"Okay," Gary said in such a quiet voice that I could barely hear him over the ambient hubbub of the busy social hall. "The truth is, when Fred said he was going to get him some, he asked if I was...interested..." Gary's eyes dropped to the table top. "...And I said...yes..."
I saw Jesse stiffen, and again he reminded me of a cat with it's back arched. I couldn't believe what I had heard. Gary wanted what Fred wanted? He had just been waiting outside the can for his turn? My stomach, which had just begun to settle down, turned queasy again.
"You have to believe me--I've never done anything like that before. I mean, Goreski--everyone knows he does it...keeps the freshmen trembling in their sneakers..."
I sensed Jesse bristling next to me. I also sensed that he was biting his tongue, giving Gary free rein to confess his sin.
"I'm sorry, Perry," Gary said, his eyes moist, "I don't know what got into me. I guess that...I don't know. I couldn't take my eyes off you two during our first meeting with Father Mike this morning. I mean...I'm not...like that...I have a girlfriend for fuck's sake, but..." His voice had trailed off to an inaudible whisper and he seemed to be struggling to hold back the tears. His hands were resting on the table top, so tightly clasped that his fingers were turning white.
Jesse was now looking at me. He too seemed on the verge of tears. Up until now, Jesse had obviously gone through great pains to keep his emotions hidden, allowing Gary to come to his own decision to confess, but now I could see everything from guilt to anger to sorrow, all playing across his expressive face. I knew he wanted me to say something, to tell Gary to go fuck off, or something, but I just couldn't do that. Van Driesen had come through for me, no matter what his original intentions may have been. My heart told me that he wasn't one of the bad guys...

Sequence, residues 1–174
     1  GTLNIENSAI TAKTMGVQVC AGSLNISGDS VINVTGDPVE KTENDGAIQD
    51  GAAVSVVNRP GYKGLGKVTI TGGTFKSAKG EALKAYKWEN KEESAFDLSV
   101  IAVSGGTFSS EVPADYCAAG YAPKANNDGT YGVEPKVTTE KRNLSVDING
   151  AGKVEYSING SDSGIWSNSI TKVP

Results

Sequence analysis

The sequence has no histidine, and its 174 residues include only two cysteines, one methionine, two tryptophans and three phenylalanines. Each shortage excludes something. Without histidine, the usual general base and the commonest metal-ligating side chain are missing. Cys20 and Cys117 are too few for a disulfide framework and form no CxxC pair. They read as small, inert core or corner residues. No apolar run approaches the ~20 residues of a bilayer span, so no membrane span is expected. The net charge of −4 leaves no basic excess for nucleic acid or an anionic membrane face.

"I...I think maybe you should go..." Jesse said softly, his raspy voice barely under control.
Nothing seemed to happen for a minute, and I refused to look up. Then Gary slowly got up and I could tell he wished he could say something to Jesse and me to explain himself, but he just stood there silently, looking sad and frustrated.
He sighed heavily. “Look guys, don’t you worry about work today. I’ve got everything covered. Go home if you want to...or just stay here and help Mrs. Jenkins out, that would be fine by me.” With that, Gary slowly turned and merged into the bustling crowd of the rummage sale.
"Are we going to just let him go?" I asked, sadly.
"You heard what he said," Jesse reminded me pointedly. "He wanted to do the same thing to you as Goreski did. It's disgusting...It makes me sick..." Jesse had bowed his head and his blond bangs hid his face from me.